Chair Force Engineer

Tuesday, April 19, 2011

An End to Escape Towers?

Since the earliest days of human-rated space capsules, it's always been a challenge to safely tear the capsule away from a launcher that was exploding or boosting off-course. The system devised by the great NASA engineer Max Faget was a tower equipped with a powerful solid rocket that would attach to the front of the capsule. Escape towers debuted during Project Mercury and were reused for the Apollo & Soyuz spacecraft (still used today by the latter!)

During the pad & early launch phase, the escape tower is a heavy but effective method to pull a capsule and crew to safety. The engines on the capsule's service module or the other rocket stages lack the thrust or the response time to act in situations where the capsule needs to accelerate from a standstill to escape its booster, or where it needs to boost downrange and reorient itself into an attitude where the heat shield bears the brunt of the aerodynamic heating before the capsule can deploy its parachutes and land.

After the early portion of ascent (usually around or shortly after stage II ignition,) an escape tower is no longer needed. The service module or upper stages can get the capsule safely downrange, or even all the way to orbit. The abort mode is determined by the phase of the launch where the failure occurs. During Soyuz 18a, the bad separation of stage 2 & 3 led to an abort using the service module engine. Soyuz T-10 used the escape tower after the rocket caught fire on the launch pad prior to launch. One space shuttle mission even aborted to orbit after a main engine shut down early.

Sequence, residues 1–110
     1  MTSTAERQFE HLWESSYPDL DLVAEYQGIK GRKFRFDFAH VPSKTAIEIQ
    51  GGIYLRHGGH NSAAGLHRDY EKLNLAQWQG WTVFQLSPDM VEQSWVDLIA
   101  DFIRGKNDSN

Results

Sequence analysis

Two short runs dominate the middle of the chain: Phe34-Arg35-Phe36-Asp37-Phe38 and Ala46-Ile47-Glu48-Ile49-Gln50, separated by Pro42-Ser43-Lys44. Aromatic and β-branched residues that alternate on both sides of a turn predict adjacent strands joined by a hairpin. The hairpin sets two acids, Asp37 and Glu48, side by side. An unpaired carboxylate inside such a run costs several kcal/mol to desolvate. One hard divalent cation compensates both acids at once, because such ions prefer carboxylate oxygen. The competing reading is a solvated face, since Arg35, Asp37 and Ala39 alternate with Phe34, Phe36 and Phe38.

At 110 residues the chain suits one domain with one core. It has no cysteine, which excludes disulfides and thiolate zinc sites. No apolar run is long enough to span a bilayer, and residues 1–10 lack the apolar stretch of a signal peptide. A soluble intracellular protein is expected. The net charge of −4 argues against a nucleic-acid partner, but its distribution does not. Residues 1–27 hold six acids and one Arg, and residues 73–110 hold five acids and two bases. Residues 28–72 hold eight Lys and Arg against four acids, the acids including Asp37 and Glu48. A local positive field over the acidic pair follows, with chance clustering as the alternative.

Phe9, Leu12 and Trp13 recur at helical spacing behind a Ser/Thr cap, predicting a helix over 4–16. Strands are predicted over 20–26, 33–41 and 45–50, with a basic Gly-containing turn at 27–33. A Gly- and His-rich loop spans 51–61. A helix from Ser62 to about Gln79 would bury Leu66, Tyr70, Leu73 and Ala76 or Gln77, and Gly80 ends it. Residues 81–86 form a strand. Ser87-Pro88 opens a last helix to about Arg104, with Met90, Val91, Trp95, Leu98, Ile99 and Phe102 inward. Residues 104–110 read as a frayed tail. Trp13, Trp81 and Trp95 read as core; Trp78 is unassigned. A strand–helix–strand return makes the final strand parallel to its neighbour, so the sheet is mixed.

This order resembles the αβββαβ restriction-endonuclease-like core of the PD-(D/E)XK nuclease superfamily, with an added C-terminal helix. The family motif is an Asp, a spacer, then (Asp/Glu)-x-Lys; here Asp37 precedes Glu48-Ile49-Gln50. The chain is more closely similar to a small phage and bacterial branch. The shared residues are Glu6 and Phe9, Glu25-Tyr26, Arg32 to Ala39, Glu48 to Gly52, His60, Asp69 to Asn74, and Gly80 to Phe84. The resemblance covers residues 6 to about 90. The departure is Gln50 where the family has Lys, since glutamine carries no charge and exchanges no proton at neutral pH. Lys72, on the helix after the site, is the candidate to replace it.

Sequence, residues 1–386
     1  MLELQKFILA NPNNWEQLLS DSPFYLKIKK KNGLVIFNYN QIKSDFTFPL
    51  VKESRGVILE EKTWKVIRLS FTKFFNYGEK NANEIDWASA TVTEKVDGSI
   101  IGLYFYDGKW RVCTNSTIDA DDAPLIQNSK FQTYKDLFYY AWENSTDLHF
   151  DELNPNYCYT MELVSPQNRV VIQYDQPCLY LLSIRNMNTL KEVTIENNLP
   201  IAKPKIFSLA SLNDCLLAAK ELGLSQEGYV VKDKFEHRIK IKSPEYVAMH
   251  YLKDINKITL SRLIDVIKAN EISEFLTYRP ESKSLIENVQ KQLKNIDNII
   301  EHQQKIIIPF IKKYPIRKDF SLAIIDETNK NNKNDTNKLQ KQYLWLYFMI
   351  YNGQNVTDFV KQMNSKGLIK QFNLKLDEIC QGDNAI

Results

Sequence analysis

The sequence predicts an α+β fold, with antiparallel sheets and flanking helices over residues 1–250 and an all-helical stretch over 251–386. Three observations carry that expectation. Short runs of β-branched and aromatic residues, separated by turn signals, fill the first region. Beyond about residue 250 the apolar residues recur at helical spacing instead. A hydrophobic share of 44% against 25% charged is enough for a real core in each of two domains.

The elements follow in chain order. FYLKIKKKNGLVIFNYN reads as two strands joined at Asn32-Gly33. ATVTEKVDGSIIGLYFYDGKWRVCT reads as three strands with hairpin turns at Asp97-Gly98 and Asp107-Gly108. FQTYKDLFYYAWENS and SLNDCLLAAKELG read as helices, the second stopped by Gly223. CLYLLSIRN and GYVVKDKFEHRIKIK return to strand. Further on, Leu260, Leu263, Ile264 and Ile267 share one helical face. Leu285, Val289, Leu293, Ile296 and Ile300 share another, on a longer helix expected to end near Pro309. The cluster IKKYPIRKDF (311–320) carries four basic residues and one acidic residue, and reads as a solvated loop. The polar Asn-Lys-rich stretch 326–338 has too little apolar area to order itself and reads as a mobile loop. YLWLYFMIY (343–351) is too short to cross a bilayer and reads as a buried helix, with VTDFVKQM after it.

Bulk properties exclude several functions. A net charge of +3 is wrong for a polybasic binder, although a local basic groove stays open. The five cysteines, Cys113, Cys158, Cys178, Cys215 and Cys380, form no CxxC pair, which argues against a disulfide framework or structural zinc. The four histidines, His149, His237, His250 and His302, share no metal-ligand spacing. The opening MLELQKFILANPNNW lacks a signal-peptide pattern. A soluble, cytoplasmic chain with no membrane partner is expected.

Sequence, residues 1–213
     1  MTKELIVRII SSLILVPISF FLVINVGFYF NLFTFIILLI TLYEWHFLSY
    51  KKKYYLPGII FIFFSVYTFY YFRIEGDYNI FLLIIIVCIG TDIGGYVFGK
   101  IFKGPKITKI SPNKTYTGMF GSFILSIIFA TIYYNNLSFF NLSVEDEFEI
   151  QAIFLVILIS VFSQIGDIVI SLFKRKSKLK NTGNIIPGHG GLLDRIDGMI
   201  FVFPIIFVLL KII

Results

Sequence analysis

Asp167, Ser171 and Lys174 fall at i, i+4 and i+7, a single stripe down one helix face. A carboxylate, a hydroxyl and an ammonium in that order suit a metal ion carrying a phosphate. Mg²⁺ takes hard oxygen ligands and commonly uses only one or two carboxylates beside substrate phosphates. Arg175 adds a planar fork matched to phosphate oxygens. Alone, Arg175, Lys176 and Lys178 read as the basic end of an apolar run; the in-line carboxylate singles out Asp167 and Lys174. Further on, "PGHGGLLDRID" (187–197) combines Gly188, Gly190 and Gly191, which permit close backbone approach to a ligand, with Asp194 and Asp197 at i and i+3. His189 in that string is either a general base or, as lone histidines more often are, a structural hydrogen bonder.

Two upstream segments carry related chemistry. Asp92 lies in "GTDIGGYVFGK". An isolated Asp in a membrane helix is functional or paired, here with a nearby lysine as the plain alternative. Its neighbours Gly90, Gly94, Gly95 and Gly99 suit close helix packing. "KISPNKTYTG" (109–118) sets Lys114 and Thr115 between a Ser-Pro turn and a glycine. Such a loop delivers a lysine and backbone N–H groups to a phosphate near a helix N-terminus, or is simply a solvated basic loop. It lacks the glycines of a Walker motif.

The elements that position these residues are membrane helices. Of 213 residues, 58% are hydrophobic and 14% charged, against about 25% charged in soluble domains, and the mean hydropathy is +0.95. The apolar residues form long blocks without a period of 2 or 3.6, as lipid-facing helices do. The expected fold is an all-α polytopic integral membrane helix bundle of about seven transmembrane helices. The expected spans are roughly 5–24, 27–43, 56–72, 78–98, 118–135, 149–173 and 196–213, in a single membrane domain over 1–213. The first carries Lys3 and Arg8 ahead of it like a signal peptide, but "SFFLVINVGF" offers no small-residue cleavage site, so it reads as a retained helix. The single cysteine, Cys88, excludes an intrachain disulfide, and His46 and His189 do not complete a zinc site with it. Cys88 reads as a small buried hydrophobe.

Engineers have recognized the limitations of launch escape towers, particularly how they are quite heavy for a piece of equipment that is only useful for less than two minutes during ascent. Gemini capsules got around this using ejection seats, but only because the aerozine-nitrogen tetroxide fireball of an exploding Titan rocket would be more contained than the boosters of Mercury. Former NASA administrator mike Griffin promoted his Max Launch Abort System, a shroud which housed four solid rockets and fit over the capsule. Now SpaceX will demonstrate a new launch escape system under a $75 million contract with NASA. The escape rockets would be completely contained within the Dragon capsule. It could very well work, but it does bring two concerns to mind. For starters, the mass of the escape rockets would make it all the way to orbit. And the use of multiple escape rockets reduces the system's reliability when compared with the single-rocket designs of the past. But it will be interesting to see if SpaceX can come up with an effective solution to this old problem.